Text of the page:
Joyland

The South |

Homesick: an excerpt

by Robert J. Stevens

Someone is stealing her dresses. They were only snake skins, snail shells, but he had wanted them. There was once a whole flock of them hanging limply in her closet, and he would lay them out on her bed or hang them from light fixtures to imagine her there. At any moment there could be a dozen of her in the house in various stages of dressed, one teaching him mathematics, another shaving her leg in the sink, another folding his underwear on her bed. But they are being picked off one by one. Every time he comes to the closet the count is lower. Of course the dresses aren’t the only thing she left behind. There’s still the faint print of her lips on the rim of a glass, neat stacks of folded clothes, the alphabetized spices, her cluttered purse, rattling with pills, and half-used makeup. Under the bathroom sink there is a bag of her hair. The pills are interesting and he looks like a hussy with some lipstick and rouge, but the dresses fit him perfectly. Two of them he has smuggled into his closet, but the rest remain downstairs to be scavenged. Jasper has searched his father’s room. He found suits in body bags, a polished row of identical black shoes, and, hidden under layers of ties, a strand of condoms hung over his closet rod, but no dresses. If his father is stealing them, he smuggles them from the house, but for what purpose Jasper cannot comprehend. Does he stuff them with newspaper and berate them? Bury them in the woods? Does he bring them to his girlfriend wrapped in tissue, so he can watch her try them on? One day cumin will nestle between paprika and pepper and no one will bother to correct it. One day her vacuum cleaner will break; its bagged lung will collapse and he will have to set it by the curb. He will throw away her soft underwear. He won’t want to, but you don’t keep that of the dead—it’s grotesque. One day everything that’s left of her will fit in a shoe box in the closet, so that in his middle age he can pick through it to stir up a cheap nostalgia, finding her tortoise shell comb, or a sheet of gold stars, baubles he knows should be important but can’t remember why. He hates the thought of his middle-aged self who is fat certainly and thin of hair, forgetful and oafish with thick fingers, so sometimes in the dull afternoons he goes into her room and resuscitates her things. He combs his hair with that brush. He dips his hands into her satin sea of underwear and spray cleans her windows. He sifts through her dresses, feeling their various skins with his fingers: slinky silk, rough sequins, stiff embroidery. He takes a flimsy black one off the hanger and runs a hand up inside it, imagining its cool, soft lining on his body, brushing his penis. He unbuttons his pants and tugs off his shirt and steps out of his underwear, pulling the dress on over his head and unclasping the black neckband to tie it around his throat. He pulls his hair back off his forehead and looks at his face in the mirror, finding her cheekbones and lips, which he parts, softening his eyes to look sexy and devastated. The dress needs to be touched. It seems to cry for it, like it is alive and hungry. Its collar grips his neck and Jasper is suddenly breathless and tight-skinned, on the verge of tears, yet curiously dry inside. He has to force himself away from the mirror, swishing into her closet to slip on a pair of heels. The kitchen tile is easier than the carpet, which swallows the spikes and bends his ankles. Still, he feels like he has been hobbled. It is an hour before he is ready for the driveway, its asphalt cracked and lumpy from the tree roots underneath it. He shuts the door behind him and takes a first uneasy step onto the woven doormat. With his back bare and the skirt above his knees, he feels exposed to the sky. A frisky breeze runs its hand up the inside of his thighs. If the forest were watching him stagger down the driveway, it would probably feel sorry for this animal, with a coat and hooves so ill equipped for life. As he walks, her hair moves on his shoulders. His skin stretching in the lining is a rough network of scabs and she is laughing at the forest for being such a stuffy prig. At the mailbox he lingers, and takes the mail out piece by piece, hoping someone will drive by and see him. He wonders if she ever did this, linger by the mailbox to let a neighbor see her, sending smoldering looks through his windshield so the man might stop and flirt with her. She must have wanted an affair. She must have sat in coffee shops with an invitation in her smile for every man or boy who came through the door. They would have gone to a hotel. She would have handed him soap and told him to shower before he could touch her. She would have drawn the curtains and kept under the sheets so he couldn’t see her scars. Now Jasper keeps hoping some breathless stranger will call and ask for her. Because it is worse somehow if she never left the house, if they only took her in the clean dark of her head as she stood beside the mailbox in a gown, waiting for a car that never came until she had to turn around and make the long walk back with the fingers of that hungry dress around her neck.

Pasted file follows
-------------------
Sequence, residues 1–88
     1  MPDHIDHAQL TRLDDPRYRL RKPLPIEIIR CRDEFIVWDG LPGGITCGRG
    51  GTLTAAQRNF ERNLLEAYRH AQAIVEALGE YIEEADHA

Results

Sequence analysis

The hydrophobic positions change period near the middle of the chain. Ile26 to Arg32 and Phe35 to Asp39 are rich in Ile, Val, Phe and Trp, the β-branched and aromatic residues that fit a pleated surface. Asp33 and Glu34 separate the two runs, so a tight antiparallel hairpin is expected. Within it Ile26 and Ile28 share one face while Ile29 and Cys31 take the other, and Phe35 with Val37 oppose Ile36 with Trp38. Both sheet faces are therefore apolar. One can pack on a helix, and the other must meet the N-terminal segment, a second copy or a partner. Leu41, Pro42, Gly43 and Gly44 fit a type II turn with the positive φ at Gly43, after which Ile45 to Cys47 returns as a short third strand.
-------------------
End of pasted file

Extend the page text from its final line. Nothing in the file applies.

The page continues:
Of course this never happens. He is sitting on the couch in her clothes, but he cannot bring himself to turn the knob of the door. He wobbles into her bedroom and struggles to unzip the dress, leaving it in a puddle on the carpet while he sits naked on her bed and aimlessly touches himself. He thinks about the night he pressed his ear to her door and heard her inside saying, “Oh ah oh,” and breathing through her teeth. Without knocking he had eased open the door and slipped inside. The air in her room was damp and clean-smelling, and her bathroom light cast a wedge across her bed where she sat at its foot with her robe open and her legs spread, drawing a razor blade across the inside of her thigh. The dark eyes of her breasts were uncovered and staring at him. On the hip and ribs of her left side she wore a loose thicket of cuts, some scabbed and some fresh. Hello, Jasper, she had said. The razor blade disappeared into her fist and she pulled the robe around herself. He had made some excuses, some apologies, and she patted the bed beside her and said, Come sit with me. She put her arm around him and leaned her head against his, the wet strings of her hair falling onto his neck. Her robe hung slightly open. Jasper parted it with both hands to let her breasts into the room again. He ran his fingers down the scabs on her ribs. Does it hurt? he said. Yes. Jasper lowered his face into her lap and kissed the fresh cuts on her thighs. They were metallic lines on his tongue. Stop, she said, running fingers through his hair, tugging him up by it. Stop. She was crying. You always kiss my boo-boos, he said. But she shook her head. I didn’t want you to see this. He watched her wipe her face clean. Look, she said, shrugging the robe off her shoulders. She traced the sunken, jagged scars below her navel. You gave me these. No I didn’t. You have no idea how much it hurt to give birth to you. No, don’t look at me like that. You don’t understand. Listen, you took that pain from me. You took it with you. I would do it again if I could. I would do it a hundred times. Do you know why? Jasper shook his head, so she touched his face and told him. Because you’re going to save me.